Install the standard Git from http://git-scm.com/downloads. Unless you know better, use the default options. If you’re on Windows, you should also install the Git credential helper so you don’t have to enter your username and password every time.
If you have never used Git before, I recommend Ry’s Git Tutorial to learn the basics. If you already know the basics but need a reference (and you find the manual pages too confusing), look at Git Reference.
On Linux or Mac OS, you’ll run Git commands using any terminal program. On Windows, you’ll use Git Bash (which was installed with Git).
Don’t forget to configure Git with your name and email address:
$ git config --global user.name "John Smith" $ git config --global user.email "email@example.com"
Note that this email address will be publicly viewable through GitHub.
Create an account on GitHub and log in. Make sure the email that you configured Git with is associated with your account (you can associate additional email addresses in the account settings).
Navigate to this page and click the Fork button. Once the process completes, look down the right side of the page for the clone URL (on Windows you’ll want the HTTPS URL; on Linux or Mac OS you probably want the SSH URL). Use this to clone the repository to your computer.
$ git clone <URL>
This will create a directory called
You’ll also want to set up our repository as a remote.
$ git remote add ufgmg https://github.com/ufgmg/subjunctive.git
I strongly recommend against trying to use an IDE for this relatively small project! For Linux, I recommend Vim (if you can handle the awesome) or Gedit. For Windows, I recommend Sublime Text (shareware but awesome) or Notepad++ (open source).
Figure out how to set up your editor so that it follows the rules mentioned in the Code Guidelines above.
Fetch the latest commits from all of your remote repositories.
$ git fetch --all
Checkout a new branch for the feature you want to work on, starting from the
$ git checkout ufgmg/master $ git checkout -b <new branch name>
Do stuff. Write codes, consume foods, etc.
Commit as necessary. Some steps are optional.
$ git status # See what files have uncommitted changes $ git diff # See your actual changes line-by-line $ git add <files> # Add files to the staging area $ git status # Check that you've staged the right files $ git diff --cached # (paranoid) see the line-by-line staged changes $ git commit # Commit it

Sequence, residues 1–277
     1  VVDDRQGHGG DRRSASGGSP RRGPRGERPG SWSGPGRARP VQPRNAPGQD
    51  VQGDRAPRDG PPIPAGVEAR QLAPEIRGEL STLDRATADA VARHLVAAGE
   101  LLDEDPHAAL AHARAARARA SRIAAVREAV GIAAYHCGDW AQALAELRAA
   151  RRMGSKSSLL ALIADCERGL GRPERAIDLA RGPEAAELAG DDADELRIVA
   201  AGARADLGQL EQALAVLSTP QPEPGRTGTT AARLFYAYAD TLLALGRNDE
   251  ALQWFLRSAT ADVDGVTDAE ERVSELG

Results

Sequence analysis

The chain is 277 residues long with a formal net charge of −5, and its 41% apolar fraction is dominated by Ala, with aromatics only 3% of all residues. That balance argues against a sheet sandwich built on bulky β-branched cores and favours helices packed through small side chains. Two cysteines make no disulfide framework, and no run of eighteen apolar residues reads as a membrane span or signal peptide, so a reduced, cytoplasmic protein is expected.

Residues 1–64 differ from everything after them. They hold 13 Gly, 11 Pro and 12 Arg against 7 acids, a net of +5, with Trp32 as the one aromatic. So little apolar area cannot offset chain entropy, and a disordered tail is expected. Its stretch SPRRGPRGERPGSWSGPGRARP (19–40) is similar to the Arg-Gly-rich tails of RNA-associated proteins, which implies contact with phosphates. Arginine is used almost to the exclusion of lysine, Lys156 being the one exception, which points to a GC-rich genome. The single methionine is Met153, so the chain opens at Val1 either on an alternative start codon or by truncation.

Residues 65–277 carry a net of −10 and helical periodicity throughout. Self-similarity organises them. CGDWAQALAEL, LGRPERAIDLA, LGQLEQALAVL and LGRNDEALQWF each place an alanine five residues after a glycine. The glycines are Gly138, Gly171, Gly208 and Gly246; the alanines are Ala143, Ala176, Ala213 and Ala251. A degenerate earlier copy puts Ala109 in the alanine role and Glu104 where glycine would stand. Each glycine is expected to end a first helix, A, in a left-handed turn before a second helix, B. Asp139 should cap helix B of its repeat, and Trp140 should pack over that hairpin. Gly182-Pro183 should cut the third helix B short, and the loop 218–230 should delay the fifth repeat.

Repeat steps 3–4 as necessary.
Maybe rebase to include newer commits from other people.
Say, for example, that a new feature or fix has been committed on
ufgmg/masterand you need to incorporate it into your branch. Usually the best way to do this is via a rebase.
$ git fetch --all $ git rebase ufgmg/master
Basically what this does is tries to apply your commits, one at a time, on to the commits already on
ufgmg/master. If conflicts occur (which they often do!), the rebase will pause for you to fix the issues. Running
git statusliberally during a rebase will help you stay sane.
Note that rebasing causes your commits to be re-written (i.e., they get new hashes), so if you’ve already pushed your branch then pushing it again after the rebase will most likely fail (because doing so would mean replacing the commits you had pushed earlier). If you know no one else is using your branch, you can use the
--forceoption when you push; alternatively, you can just give your branch a new name and then push it.
Repeat steps 3–6 as necessary.
Push to your GitHub repository.
$ git push origin <branch name>
Repeat steps 3–8 as necessary.
Maybe rebase to clean up your branch’s history.
Send a pull request.